What specific challenges do you face as a historian studying a subject that is located on the other side of the world from you?

“…negotiating distance has forced me to work very efficiently and more creatively than I would have otherwise.”

My work is borne out of being an Australian in Milton Keynes, so I think it’s very appropriate to be writing this thesis from Melbourne, back to exploring the tacit language of Englishness from the outside. A substantial amount of my research was undertaken from Australia, though I was lucky to obtain funding for two on-site research trips. This meant an exhausting and frenzied workload during those two-and-a-half months! Though I would have loved to have had the luxury of losing myself for months in the archives, negotiating distance has forced me to work very efficiently and more creatively than I would have otherwise.

Do you think there are connections between the denigration of Milton Keynes and other new towns in British popular culture and wider shifts in society since the 1960s?

Absolutely. It is very much part of a wider ideological rejection that has led tower blocks, council estates, and other new towns to be condemned and ridiculed. Much like how “the 1970s” are regularly invoked as the “bad old days” of British politics, condemning postwar urban planned spaces helps reinforce the idea that “there is no alternative” to the neo-liberal state. It’s an ongoing rejection that legitimates the status quo.

Does your research lead you to see the plans for Milton Keynes as fundamentally a radical or a conservative project?

To give a stereotypical historian’s response, it depends on the context. In terms of urban planning, The Plan for Milton Keynes was a radical re-imagining of the very idea of the discipline and what it should do. Politically, however, the very “flexibility” at the heart of Milton Keynes’ planning goals has allowed it to move with the times very easily, and through doing so it has become more conservative than the Plan itself ever envisioned.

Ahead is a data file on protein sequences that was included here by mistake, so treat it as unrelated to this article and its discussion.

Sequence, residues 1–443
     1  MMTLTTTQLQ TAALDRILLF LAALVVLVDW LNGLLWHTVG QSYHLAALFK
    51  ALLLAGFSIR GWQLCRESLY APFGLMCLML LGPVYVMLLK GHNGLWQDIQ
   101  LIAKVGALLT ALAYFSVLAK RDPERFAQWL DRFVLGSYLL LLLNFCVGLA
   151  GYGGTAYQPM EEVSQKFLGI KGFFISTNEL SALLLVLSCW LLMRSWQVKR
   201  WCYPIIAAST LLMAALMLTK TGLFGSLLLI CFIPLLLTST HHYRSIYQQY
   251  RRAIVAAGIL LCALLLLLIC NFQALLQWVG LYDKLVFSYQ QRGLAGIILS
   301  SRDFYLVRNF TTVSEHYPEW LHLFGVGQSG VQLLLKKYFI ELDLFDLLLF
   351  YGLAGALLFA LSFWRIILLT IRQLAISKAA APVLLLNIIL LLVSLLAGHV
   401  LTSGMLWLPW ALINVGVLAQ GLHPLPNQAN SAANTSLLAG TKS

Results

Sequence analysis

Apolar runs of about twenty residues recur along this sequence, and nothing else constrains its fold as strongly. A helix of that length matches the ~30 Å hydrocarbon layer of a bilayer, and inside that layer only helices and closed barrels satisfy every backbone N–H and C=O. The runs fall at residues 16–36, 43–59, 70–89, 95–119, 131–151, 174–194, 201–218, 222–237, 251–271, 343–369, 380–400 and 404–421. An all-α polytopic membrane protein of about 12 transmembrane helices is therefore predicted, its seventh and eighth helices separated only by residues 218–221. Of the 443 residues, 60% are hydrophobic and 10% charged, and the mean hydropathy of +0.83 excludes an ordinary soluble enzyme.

“the… ‘flexibility’ at the heart of Milton Keynes’ planning goals has allowed it to move with the times very easily…”

Given contemporary ecological concerns, are car-centric development like Milton Keynes worrying anachronisms or can they be salvaged?

This is a great question. In reality I don’t think Milton Keynes is inherently as car-centric as its reputation suggests. It’s also incredibly pedestrian and cycle-friendly, and while it’s been let down by public transport provision in the past, this is getting better overall. Milton Keynes is also a beautifully verdant town with a fantastically diverse urban ecology. Provided that public transport provision continues to improve, it will be exciting to watch how Milton Keynes continues to challenge preconceptions about density and urban functioning into the future.


You can read more about Lauren’s research into the genesis and cultural impact of Milton Keynes on her page. She can be contacted through the University of Melbourne’s graduate school.